The development and reporting requirements for a calculation are generally far less stringent than those that apply to a valuation. However, budget-conscious clients may request a calculation rather than a full-blown valuation. A recent Arizona divorce case — Larchick v. Pollock — demonstrates that, although calculation reports aren’t necessarily inadmissible, caution still is warranted.
Lower court excludes expert’s report, testimony
The couple separated only 10 months after they married. The husband claimed a community interest in the increase in the value of a business the wife started before the marriage.
The husband hired an expert to prepare a calculation of value, which found that the business’s value had increased by $546,000. The wife’s expert submitted a “full appraisal” report, which concluded that the value had increased by $93,000.
The wife objected to admission of the report and testimony of the husband’s expert. She argued that the calculation report wasn’t as reliable as more complete valuation reports. The Superior Court in Maricopa County sustained her objection, noting that the husband’s expert didn’t follow “all possible methods that an expert should be using, all reliable methodology.” The court also excluded the expert’s testimony because he conceded that he didn’t expect his report to be admissible.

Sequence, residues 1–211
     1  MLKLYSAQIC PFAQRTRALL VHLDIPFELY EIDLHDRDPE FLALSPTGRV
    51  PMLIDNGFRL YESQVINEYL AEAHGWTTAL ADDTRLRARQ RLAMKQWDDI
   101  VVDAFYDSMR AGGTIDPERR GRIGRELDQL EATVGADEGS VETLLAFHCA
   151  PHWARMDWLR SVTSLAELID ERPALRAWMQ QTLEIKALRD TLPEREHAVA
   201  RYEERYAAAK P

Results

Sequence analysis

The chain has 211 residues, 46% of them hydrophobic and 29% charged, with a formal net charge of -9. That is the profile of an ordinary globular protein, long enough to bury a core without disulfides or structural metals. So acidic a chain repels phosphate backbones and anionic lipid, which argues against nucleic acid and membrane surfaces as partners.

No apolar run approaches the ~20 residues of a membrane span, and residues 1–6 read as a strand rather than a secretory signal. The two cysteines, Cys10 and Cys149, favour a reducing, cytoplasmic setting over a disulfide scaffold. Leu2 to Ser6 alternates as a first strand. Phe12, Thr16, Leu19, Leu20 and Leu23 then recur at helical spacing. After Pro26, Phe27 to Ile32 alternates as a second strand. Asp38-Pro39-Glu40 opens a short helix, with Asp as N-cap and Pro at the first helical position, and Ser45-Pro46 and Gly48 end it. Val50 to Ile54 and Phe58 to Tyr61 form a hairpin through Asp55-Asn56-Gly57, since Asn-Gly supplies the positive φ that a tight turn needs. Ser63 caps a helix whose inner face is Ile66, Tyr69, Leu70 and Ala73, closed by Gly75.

Appellate court vacates, remands
The Arizona Court of Appeals began its review by stating that Rule 702 of the Arizona Rules of Evidence doesn’t require expert opinion evidence to account for “all possible methods” of assessment. However, the lower court didn’t base its exclusion solely on that rule. It excluded the evidence based on deference to the expert’s “self-imposed cautionary views regarding admissibility.”
The appellate court dismissed this reasoning. The expert wasn’t put forth to offer legal opinions on the admissibility of the evidence. The husband, as the proponent of the evidence, was entitled to have the family court evaluate it under Rule 702.
The appellate court acknowledged that the calculation evidence may have been questionable and, if admissible, vulnerable to effective cross-examination. It explained that the family court could give it little or no weight at trial. But it couldn’t simply declare the evidence inadmissible without the proper analysis.
Although calculations may sometimes be admissible, relying on them in litigation can be risky. A calculation report will generally contain cautionary language, stating that 1) the expert didn’t perform all necessary procedures required for a valuation engagement, and 2) the results may have differed if a comprehensive valuation had been conducted. These admissions may discredit an expert’s analysis and testimony in the eyes of factfinders. When in doubt, a full conclusion of value generally is a safer bet.